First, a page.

Bartlesville Area History Museum
The Bartlesville Area History Museum, a 10,000 sq ft facility, is located on the top floor of Bartlesville City Hall, a historic building once home to the Hotel Maire during the Bartlesville oil boom. The hotel featured a barbershop, a poolroom, a coffee shop, a pharmacy and an extravagant lobby used for wedding receptions and other special occasions.
The Bartlesville community has a rich and colorful heritage with roots tracing back to the Delaware, Cherokee and Osage peoples, who lived in the region before the arrival of white settlers.
Through photographs, artifacts, and video, Bartlesville’s heritage unfolds with stories of oilmen, Indian chiefs, ranchers, bankers, outlaws, schoolteachers, smelter workers, shop clerks and many others who helped to shape a tiny frontier settlement into a modern city.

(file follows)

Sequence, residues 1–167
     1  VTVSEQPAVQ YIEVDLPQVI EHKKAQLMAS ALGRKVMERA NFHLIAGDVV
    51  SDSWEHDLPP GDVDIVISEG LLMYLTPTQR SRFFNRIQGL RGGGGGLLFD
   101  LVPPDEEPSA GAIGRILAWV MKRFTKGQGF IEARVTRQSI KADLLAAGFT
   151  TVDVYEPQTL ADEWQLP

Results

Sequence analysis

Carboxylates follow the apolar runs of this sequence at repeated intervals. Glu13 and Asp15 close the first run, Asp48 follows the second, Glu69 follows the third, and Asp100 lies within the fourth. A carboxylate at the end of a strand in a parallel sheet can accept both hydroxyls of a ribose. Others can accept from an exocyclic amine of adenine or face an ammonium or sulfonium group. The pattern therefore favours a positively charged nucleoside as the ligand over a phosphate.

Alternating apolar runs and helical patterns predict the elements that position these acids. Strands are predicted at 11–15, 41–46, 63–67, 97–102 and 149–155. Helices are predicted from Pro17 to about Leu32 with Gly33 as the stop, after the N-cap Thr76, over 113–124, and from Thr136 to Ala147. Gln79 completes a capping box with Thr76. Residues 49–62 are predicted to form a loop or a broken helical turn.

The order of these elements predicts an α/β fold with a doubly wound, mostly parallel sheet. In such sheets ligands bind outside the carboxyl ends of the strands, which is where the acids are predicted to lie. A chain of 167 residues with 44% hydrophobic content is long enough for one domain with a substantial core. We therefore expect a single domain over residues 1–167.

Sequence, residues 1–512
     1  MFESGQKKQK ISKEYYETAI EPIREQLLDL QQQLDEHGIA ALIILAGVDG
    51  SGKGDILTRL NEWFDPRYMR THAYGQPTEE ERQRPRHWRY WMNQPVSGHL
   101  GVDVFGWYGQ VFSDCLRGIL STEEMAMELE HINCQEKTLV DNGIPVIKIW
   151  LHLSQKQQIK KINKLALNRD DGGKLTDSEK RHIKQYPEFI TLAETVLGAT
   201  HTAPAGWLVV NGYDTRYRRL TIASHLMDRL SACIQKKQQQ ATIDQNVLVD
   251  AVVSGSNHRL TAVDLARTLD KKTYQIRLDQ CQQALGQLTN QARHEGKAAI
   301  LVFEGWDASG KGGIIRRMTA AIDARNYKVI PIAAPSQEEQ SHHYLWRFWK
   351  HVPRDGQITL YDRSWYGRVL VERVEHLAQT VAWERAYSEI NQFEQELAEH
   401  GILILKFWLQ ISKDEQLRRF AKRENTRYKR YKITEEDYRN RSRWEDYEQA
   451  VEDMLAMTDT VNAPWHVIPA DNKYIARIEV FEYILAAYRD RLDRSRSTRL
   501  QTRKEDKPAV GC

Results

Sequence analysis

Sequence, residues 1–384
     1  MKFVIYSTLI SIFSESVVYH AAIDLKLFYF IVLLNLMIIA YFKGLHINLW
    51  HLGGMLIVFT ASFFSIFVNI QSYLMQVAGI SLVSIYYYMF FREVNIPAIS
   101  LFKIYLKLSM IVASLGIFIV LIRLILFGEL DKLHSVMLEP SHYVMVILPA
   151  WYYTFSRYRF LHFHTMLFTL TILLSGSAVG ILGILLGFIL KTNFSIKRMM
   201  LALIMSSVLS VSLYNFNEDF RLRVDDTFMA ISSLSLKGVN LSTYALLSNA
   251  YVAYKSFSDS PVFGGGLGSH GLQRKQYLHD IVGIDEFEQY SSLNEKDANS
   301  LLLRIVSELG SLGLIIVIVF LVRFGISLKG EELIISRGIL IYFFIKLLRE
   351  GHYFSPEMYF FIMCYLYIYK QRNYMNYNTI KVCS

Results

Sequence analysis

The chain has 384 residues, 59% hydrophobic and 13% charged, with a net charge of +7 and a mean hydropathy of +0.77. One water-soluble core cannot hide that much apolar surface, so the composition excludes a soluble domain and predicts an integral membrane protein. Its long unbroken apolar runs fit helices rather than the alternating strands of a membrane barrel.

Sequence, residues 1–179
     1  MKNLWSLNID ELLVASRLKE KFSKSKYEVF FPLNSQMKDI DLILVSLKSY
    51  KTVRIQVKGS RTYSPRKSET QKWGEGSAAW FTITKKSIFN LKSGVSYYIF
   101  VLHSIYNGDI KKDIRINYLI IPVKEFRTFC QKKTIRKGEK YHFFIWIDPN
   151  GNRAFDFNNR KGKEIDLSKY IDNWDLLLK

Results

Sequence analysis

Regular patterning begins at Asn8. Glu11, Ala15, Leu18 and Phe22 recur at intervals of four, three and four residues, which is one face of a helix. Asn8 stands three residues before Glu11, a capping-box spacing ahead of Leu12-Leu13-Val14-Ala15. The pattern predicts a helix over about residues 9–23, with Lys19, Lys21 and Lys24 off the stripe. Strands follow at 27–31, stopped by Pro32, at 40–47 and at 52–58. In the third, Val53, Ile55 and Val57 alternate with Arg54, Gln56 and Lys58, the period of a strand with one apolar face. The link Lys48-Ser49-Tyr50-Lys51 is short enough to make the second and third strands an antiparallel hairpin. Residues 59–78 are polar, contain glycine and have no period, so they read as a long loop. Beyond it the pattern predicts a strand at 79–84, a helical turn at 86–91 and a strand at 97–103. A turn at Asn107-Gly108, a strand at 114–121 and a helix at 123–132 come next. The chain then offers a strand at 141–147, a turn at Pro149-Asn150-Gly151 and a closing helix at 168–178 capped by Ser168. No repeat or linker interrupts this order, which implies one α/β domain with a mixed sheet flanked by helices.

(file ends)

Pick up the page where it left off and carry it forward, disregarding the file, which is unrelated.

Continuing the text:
Visitors are offered interactive displays, exceptional photography and intriguing artifacts, for a glimpse of the early years of the small settlement, where the Nellie Johnstone No. 1, was the first commercially productive oil well in Oklahoma.
One of the museum’s most popular attractions is a talking animated likeness of Frank N. Griggs, the legendary photographer, who spent over seven decades documenting Bartlesville life.